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An Edo Print - Kabuki Play by Utagawa, Kuninao – Edo

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Directory: Antiques: Regional Art: Asian: Japanese: Woodblock Prints: Pre 1900: item # 1063585

Please refer to our stock # ICHI 113 when inquiring.

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Ichiban Japanese & Oriental Antiques
Post Office Box 395
Marion, CT 06444-0395
203.272.7392

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695.00

An Edo Print - Kabuki Play by Utagawa, Kuninao – Edo
This print is of a scene from a famous Kabuki play. The title of the print in English is “New Versions of Floating World Prints – Scene from Act IV of “Chushingura” – a Tale of Forty-Seven Samurai”. It is done in the beni-zuri style and is a Japanese woodblock print on mulberry paper with natural dyes. The framed print measures 2 1/4” by 16 ¾” - the print itself is of standard horizontal oban size, 10 ½” by 14 ¾” .

The print is a light color framed in the print by a series of mons (Japanese crests) in a black border. The play apparently takes place on a raised stage and the audience is seated on three sides. A stream winds its way from under the stage. On the right edge there is a long series of Kanji characters – not translated – but probably describing the action taking place in the play.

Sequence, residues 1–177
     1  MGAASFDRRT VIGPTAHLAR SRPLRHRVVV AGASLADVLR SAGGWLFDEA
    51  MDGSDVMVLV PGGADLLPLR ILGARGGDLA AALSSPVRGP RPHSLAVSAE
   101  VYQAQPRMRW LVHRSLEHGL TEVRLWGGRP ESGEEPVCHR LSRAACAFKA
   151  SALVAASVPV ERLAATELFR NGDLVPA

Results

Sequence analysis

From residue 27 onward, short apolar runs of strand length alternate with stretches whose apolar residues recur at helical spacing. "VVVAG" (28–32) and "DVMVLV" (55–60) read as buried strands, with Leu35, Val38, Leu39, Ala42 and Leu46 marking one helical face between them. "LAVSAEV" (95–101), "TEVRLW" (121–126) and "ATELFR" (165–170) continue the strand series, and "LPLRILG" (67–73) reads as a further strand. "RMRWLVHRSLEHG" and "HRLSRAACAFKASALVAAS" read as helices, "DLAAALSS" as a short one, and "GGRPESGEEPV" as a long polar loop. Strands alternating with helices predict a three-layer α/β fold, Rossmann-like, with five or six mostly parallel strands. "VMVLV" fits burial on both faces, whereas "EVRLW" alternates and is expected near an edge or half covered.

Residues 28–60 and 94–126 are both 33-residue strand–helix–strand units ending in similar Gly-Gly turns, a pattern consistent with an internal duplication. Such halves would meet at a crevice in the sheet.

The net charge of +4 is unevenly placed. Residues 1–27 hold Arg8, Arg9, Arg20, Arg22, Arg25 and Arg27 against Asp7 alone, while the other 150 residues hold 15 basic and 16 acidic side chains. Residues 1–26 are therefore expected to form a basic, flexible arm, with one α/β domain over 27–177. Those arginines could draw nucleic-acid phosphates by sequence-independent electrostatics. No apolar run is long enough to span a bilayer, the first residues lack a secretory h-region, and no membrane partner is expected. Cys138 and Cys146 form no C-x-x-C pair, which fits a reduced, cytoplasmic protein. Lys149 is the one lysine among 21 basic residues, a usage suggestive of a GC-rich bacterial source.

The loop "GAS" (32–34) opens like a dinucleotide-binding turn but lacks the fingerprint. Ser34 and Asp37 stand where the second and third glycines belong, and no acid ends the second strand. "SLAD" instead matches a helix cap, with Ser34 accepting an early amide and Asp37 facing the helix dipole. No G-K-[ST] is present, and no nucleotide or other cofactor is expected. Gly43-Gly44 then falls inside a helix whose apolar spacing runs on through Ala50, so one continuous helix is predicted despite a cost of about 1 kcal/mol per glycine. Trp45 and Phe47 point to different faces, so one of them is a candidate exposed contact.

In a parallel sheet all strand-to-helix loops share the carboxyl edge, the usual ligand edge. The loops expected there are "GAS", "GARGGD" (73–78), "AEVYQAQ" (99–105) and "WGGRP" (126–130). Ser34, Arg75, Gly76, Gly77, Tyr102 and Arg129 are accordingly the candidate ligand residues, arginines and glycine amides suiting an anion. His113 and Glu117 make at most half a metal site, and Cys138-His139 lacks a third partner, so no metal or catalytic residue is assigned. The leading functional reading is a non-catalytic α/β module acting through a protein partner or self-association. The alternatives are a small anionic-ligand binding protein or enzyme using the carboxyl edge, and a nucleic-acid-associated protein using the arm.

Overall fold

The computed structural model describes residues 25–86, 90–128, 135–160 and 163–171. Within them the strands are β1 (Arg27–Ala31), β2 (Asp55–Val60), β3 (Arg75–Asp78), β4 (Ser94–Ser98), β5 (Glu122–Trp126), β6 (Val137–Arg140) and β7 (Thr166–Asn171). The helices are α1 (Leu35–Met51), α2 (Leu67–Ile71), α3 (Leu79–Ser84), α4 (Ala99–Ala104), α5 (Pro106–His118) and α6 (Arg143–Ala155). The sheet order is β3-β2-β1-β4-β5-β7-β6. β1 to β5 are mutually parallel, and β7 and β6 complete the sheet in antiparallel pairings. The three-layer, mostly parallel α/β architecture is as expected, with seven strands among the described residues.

The print is in excellent condition – light in color but only light toning as seen on the four borders under the mat. It was framed in acid free matting by a fine framer in Vermont – there are a couple of chips to the frame. We date the print to the late Edo period, circa 1930s-1850.

Kuninao Utagawa, (1793-1854), was one of the early artists using the Uki-e convention of linear perspective into Japanese woodblock prints. He was a pupil of Toyokuni – and a prolific book-illustrator. His prints are quite rare.

Uki-e literally floating picture, by extension perspective picture) refers to a genre of Japanese woodblock print that employs western conventions of linear perspective. Although they never constituted more than a minor genre, pictures in perspective were drawn and printed by Japanese artists from their introduction in the late 1730s through to the mid nineteenth century. The interior of Kabuki theaters was a common subject in Uki-e prints. Interior scenes tend to be favored as it is easier to accurately apply one point perspective to architecture than to landscape. Benizuri-e, literally "crimson printed pictures", are a type of “primitive” ukiyo-e style Japanese woodblock prints. They were usually printed in pink (beni) and green, occasionally with the addition of another color, either printed or added by hand.



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